I stress that I never heard my father mention the deal and its terrors; he was no chattering fundamentalist but a silent wrestler in the scalding dark. In the first two years of my life, we continued to camp out — first in Henderson, fifteen miles southwest; then around Warren County with relatives and in rented rooms; so I spent many hours in the close company, not only of my housewife-mother but with Will. I remember frequent bearhugs and the scrape of a beard that could never quite be shaved; I can see flashes of my first Christmas; I have a glimpse of his delight when I took a first step on my first birthday. But I have no memory of seeing him high or loud or abusive.

Will and Elizabeth were long dead and I was in my forties before I learned from Lulie, the sister nearest Will in age, that Will concluded the deal more gradually than legend records. Admitted, at once he began to quit or taper off, as drunks still say. There were no more long nights of aimless driving through the county, no more work-days missed as he slept comatose at home or hid beside the loyal Elizabeth in self-hating self-pity. There was nonetheless still a fair amount of beer. According to Lulie, the real end did come suddenly but not till I was three.

Those first three years were dogged by illness — allergic rashes so severe that Mother pinned my arms to the sheets at night to prevent gouging, a winter-long bout of whooping cough and then a mysterious succession of frightening seizures. Without warning, my fever would soar; and in a matter of minutes, I'd rush into racking board-stiff convulsions. Only fast plunges in cold water and quickly administered enemas appeared to help. The doctors were helpless; maybe I was allergic to egg. (By age five however, I was eating egg with impunity. All my life I've been subject to sudden allergies that vanish as suddenly; but I now strongly suspect that in infancy I was showing first signs of the often congenital type of spinal tumor that would not fully manifest till I was fifty-one.)

Whatever the cause, everyone agreed that my seizures were dreadful to watch. Elizabeth would spring into purposeful action; Will would stand by, anguished and unmanned. At their height I appeared to be dead; when they passed I would sleep exhausted through whole days and nights. And all that I later knew of Will Price affirms that, early in the course of my afflictions, he'll have sighted the link between their threat and his continued cheating on a dead-earnest deal.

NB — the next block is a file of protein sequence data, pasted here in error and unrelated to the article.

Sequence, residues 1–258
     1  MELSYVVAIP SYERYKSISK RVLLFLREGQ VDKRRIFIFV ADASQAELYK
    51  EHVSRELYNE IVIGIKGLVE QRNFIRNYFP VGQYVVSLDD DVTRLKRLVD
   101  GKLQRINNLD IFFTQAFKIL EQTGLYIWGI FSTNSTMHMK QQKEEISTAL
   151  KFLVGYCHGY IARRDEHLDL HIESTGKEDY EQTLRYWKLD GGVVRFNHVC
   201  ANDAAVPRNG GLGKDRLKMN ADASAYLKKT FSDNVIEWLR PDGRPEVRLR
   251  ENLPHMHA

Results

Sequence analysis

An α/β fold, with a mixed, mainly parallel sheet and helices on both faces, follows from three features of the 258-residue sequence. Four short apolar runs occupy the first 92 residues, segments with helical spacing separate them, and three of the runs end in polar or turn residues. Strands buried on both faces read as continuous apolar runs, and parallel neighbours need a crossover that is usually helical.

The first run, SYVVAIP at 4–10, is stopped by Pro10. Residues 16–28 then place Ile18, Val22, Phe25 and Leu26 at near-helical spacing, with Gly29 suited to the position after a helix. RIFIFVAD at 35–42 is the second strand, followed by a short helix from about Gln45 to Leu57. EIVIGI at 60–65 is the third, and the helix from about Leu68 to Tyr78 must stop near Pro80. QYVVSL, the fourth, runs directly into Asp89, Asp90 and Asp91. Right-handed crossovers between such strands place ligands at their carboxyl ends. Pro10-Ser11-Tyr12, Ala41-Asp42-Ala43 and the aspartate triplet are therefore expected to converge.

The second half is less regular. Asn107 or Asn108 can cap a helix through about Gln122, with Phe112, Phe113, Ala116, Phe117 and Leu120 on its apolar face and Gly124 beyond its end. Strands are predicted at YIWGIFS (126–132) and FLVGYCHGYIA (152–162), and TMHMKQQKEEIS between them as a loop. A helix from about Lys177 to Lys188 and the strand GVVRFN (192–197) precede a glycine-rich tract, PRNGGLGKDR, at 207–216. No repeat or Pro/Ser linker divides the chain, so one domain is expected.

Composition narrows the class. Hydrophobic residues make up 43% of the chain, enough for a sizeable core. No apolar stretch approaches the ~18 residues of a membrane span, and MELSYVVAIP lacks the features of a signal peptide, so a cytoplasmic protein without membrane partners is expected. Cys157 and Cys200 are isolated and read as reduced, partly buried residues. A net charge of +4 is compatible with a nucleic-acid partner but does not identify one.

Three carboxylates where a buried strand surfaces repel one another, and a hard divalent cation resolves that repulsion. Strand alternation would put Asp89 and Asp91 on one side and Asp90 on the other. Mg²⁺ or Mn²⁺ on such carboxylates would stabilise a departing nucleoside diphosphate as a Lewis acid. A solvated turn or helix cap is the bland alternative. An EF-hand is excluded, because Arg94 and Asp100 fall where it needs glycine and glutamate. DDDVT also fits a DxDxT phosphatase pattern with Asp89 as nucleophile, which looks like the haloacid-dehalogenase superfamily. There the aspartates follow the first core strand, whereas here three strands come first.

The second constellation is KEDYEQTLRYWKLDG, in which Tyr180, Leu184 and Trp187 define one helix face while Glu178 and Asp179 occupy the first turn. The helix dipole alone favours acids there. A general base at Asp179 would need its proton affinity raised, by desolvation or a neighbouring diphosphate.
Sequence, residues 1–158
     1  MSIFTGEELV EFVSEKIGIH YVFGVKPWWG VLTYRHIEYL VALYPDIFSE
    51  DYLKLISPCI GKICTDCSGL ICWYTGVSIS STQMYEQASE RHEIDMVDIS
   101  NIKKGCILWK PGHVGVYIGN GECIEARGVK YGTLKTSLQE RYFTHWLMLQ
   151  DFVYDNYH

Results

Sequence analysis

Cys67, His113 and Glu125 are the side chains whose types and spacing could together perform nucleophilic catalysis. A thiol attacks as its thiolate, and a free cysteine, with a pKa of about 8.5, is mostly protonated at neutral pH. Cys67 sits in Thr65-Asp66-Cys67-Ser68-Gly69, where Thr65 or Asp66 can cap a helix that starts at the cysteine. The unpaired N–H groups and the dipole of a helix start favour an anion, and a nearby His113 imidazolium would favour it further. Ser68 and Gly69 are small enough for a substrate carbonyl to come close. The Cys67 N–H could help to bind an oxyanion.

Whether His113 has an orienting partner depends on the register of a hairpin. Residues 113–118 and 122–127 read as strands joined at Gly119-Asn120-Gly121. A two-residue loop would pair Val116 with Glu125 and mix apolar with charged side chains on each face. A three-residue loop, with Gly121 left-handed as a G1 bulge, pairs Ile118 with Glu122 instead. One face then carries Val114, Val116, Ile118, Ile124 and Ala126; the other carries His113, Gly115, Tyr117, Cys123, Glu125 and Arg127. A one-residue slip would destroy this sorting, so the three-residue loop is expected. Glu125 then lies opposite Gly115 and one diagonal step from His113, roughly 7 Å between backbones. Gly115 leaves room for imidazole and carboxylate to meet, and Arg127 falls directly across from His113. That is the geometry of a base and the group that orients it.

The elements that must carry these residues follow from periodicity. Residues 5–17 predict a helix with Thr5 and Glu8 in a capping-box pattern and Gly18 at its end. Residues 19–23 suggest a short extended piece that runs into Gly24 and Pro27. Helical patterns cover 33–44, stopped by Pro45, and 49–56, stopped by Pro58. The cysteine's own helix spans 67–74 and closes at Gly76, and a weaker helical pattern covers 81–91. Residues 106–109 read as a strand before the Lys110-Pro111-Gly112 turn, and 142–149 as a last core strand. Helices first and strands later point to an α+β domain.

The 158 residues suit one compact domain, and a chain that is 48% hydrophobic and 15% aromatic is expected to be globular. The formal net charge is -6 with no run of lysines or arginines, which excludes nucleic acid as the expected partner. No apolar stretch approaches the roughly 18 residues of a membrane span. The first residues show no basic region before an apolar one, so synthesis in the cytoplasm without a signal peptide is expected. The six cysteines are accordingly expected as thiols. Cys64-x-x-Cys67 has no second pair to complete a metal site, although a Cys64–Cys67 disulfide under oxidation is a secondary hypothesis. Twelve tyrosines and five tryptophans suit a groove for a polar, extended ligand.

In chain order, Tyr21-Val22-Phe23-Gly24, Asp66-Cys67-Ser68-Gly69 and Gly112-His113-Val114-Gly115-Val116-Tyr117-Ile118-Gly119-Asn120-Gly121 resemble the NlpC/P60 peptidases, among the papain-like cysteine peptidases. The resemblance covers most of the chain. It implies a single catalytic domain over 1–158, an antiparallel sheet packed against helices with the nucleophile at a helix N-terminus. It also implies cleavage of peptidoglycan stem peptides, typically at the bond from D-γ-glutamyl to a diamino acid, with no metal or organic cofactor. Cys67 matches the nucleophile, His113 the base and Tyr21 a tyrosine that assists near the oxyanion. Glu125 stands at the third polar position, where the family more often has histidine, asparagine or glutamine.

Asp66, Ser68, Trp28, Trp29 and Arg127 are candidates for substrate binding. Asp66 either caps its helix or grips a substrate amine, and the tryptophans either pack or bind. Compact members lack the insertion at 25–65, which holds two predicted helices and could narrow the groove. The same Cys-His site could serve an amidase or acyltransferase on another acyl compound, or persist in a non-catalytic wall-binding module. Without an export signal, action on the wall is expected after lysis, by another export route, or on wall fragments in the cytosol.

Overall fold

In 1935 he got the first good job of his life, as a salesman of electric appliances for Carolina Power and Light Company; and we moved forty miles to the small mill-town of Roxboro where finally we had a rented house to ourselves. An imperious surviving letter from Will's mother — clubbing him, in a potent tall script, for negligence and ordering him to see that she got "toe pads" before the week was out — suggests how short a hyphen fifty miles could be, even in slower days. But at least he wasn't in five-mile reach of that brand of vampire whim.

The year I was three, his oldest sister Mary Eleanor was visiting us. Late one afternoon she and Will walked up the slope behind our house to a neighborhood curb-market for a loaf of bread. While there, for whatever reason, Will chose to drink a bottle of beer. When they ambled down to the house twenty minutes later, I was in the grip of the hardest seizure yet. Elizabeth had failed to reach Dr. Gentry, so she'd called the black doctor, but he still hadn't come. And with all their efforts, I was borne further off — eyes rolled back white, skin purple, hands clenched so tight my palms were cut. Lulie said "Will knew you were dying, he knew he had caused it, and he quit then and there."

Such a mortal dare would have come at Will as no shock at all, no ambush. He trusted, and his sons do, that even a life as low to the ground, as wasteful and destructive as his own, was of serious weight in the hand of God. In his own head then, he earnestly swore to redeem his pledge.

In half an hour both doctors were gone, I was cool and sleeping, and Elizabeth could finally start cooking supper. According to Lulie, it was my last seizure. In any case, Will Price lived another eighteen years and never again drank so much as a spoonful of alcohol. His quitting was as graceful as his jokes. He could watch kin and friends drink with no apparent temptation, and he always kept a pint of bourbon far back on the top pantry-shelf (and a four-ounce bottle in his suitcase) — for emergencies with the heart he believed to be weak, though it beat like a perpetual piston through the worst of his end at fifty-four. Even more importantly, I suspect, the stored bottle was also an emblem — the old demon, captive and harmless on a shelf.